A spokesman for Sen. John Kerry (D-Mass.) said Monday that Kerry was speaking in broad philosophical terms in a C-SPAN interview in which the Democratic presidential hopeful seemed to suggest that he did not support a crackdown on cable indecency.
Spokesman Andy Davis was explaining how that apparent stand squared with Kerry's vote back in March supporting an ammendment to a Senate indecency bill that would have cracked down on cable indecency by applying broadcast indecency standards to cable and satellite, which many observers say has huge constitutional problems.
Davis suggestd that Kerry was not seeking either a crackdown or a free pass for cable and satellite, but a middle ground.
In the interview, C-Span's Susan Swain had asked: "Philosophically once again, is this emphasis on indecency standards, perhaps even the suggestion that they should be applied to cable television, something that you support philosophically?
Kerry: "I think there is a distinction between public broadcast and the notions we’ve had historically about family time, family hour -- and what you buy privately and personally. I am not in favor of government interference and censorship and restriction of what an individual privately can decide to do in their home, in their own space, so to speak."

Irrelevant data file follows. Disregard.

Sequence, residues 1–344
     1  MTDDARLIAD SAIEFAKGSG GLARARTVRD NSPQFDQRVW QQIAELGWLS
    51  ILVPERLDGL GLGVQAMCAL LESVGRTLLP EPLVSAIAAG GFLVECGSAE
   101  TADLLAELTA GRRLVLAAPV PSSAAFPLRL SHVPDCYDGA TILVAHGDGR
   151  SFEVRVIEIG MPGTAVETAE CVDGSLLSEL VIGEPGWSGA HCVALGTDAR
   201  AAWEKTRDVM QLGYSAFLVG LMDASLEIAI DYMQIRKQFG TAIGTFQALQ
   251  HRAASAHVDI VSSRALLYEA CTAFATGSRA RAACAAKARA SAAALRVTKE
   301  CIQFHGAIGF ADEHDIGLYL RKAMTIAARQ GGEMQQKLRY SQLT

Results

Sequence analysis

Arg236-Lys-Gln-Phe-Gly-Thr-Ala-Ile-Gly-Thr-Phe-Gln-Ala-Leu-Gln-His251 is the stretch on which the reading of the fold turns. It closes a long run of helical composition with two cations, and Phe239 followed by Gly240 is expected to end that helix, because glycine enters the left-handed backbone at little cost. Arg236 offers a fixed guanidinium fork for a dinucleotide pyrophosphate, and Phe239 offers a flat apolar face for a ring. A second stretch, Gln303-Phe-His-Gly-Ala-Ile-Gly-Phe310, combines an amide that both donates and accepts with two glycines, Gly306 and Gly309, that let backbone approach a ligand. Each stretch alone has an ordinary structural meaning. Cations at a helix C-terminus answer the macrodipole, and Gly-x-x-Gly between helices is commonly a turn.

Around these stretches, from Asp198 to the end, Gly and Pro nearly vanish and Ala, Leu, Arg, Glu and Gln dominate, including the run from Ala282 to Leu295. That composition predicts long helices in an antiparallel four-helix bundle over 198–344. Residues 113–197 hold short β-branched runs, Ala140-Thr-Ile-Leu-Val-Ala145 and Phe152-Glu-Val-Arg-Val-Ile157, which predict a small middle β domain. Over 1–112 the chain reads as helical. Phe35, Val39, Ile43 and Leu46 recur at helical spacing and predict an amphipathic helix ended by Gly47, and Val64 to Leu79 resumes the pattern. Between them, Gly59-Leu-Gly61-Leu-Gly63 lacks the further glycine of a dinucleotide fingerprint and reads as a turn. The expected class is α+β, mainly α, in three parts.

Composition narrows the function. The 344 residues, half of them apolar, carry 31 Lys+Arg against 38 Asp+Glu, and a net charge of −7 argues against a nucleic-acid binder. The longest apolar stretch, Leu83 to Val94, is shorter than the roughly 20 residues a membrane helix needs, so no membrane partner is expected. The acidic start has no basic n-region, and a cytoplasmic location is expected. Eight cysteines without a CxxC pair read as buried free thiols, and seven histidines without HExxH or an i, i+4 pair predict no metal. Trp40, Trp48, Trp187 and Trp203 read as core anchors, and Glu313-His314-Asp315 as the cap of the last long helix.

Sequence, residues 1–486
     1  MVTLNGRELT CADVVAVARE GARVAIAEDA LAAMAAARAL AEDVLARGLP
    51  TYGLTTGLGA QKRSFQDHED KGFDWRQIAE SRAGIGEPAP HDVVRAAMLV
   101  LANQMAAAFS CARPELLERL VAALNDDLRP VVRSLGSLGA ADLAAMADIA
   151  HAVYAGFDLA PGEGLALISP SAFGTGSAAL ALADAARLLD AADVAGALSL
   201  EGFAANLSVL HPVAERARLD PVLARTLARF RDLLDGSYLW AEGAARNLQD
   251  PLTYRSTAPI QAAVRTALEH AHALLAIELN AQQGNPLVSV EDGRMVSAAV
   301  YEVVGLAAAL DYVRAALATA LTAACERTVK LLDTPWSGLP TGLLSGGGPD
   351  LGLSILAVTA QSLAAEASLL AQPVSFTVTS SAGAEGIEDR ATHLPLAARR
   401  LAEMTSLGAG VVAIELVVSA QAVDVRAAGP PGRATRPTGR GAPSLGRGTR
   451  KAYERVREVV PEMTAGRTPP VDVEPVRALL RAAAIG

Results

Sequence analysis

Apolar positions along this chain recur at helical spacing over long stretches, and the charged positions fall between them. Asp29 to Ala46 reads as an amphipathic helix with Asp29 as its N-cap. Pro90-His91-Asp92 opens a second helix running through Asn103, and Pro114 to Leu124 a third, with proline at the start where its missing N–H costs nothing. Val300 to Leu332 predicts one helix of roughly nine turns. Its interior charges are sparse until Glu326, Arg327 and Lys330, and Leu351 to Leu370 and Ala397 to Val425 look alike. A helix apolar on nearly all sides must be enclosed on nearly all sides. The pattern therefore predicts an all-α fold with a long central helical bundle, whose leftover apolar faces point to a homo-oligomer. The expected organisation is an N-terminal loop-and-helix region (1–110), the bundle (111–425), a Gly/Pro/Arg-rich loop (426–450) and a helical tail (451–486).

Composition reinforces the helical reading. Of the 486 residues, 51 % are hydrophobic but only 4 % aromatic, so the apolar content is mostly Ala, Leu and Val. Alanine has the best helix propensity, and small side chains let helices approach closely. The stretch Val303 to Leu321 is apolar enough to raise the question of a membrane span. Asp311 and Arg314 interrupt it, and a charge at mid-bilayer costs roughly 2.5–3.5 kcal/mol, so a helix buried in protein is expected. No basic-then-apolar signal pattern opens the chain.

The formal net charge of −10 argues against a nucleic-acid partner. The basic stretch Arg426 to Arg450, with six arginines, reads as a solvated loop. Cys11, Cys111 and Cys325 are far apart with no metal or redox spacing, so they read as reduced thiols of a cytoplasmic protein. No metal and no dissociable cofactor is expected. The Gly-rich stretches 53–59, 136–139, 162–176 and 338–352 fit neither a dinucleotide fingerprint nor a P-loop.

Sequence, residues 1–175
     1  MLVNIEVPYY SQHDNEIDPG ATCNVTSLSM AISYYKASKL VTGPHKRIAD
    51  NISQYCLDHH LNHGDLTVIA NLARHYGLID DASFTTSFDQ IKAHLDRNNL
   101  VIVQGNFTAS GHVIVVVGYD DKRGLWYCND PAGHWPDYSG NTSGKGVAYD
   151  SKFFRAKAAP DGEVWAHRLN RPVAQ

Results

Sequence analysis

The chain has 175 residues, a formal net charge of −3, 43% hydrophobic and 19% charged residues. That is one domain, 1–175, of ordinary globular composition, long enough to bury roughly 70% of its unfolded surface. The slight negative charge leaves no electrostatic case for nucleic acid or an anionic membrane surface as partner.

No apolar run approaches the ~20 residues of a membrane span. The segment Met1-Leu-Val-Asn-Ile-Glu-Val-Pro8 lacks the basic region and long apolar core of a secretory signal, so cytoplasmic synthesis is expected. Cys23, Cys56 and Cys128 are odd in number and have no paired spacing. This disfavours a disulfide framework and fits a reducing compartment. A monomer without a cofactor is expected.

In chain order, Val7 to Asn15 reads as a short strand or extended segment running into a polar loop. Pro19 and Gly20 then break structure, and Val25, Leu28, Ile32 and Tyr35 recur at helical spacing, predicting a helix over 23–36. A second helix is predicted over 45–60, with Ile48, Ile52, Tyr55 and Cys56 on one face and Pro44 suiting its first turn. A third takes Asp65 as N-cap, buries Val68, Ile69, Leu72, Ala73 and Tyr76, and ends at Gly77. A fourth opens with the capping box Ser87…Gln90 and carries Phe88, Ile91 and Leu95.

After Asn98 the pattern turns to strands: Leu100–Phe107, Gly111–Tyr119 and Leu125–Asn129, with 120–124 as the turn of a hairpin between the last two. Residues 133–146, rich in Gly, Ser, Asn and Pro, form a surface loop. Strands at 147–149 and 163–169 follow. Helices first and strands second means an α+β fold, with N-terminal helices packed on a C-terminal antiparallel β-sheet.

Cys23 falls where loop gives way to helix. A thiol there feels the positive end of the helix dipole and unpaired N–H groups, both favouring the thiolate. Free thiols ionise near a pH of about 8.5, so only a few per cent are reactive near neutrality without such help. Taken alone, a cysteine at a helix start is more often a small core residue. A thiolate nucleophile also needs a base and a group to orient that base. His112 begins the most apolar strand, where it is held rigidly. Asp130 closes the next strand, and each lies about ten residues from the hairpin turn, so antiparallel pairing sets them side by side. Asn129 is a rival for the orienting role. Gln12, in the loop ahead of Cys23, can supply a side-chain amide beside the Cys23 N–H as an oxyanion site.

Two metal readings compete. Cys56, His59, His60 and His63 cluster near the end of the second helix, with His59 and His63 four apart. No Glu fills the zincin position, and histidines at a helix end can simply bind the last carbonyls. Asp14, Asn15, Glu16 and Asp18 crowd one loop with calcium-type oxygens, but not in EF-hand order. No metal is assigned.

It was that distinction between private buying and public broadcast that led to that interpretation by some, including B&C.
Kerry, said, Davis, recognizes the need for a balance between individual rights and standards of public decency, something he also spoke about in the interview, and believed the amendment, which failed to pass, was an attempt at a reasonable compromise.
The amendment, introduced by Senator John Breaux (D-La.), would have applied indecency rules to cable and satellite programming on expanded basic tiers until a critical mass (85% of households with children) either could use the V-chip or other blocking technology to block programming or say they don't want to use it.
Davis said that the fact that the bill sunsets, that it applies only to expanded basic tiers, not premium, and includes promotion of the V-Chip (whose main backer, incidentally, is fellow Massachusetts Democrat Rep. Edward Markey) all contributed to Kerry's support.
Kerry, said Davis, recognizes that a lot of people don't distinguish between cable and other channels. That echoes a justification for cable and satellite regulation that was heard often, both from legislators and members of the broadcast community, at indecency hearings earlier this year.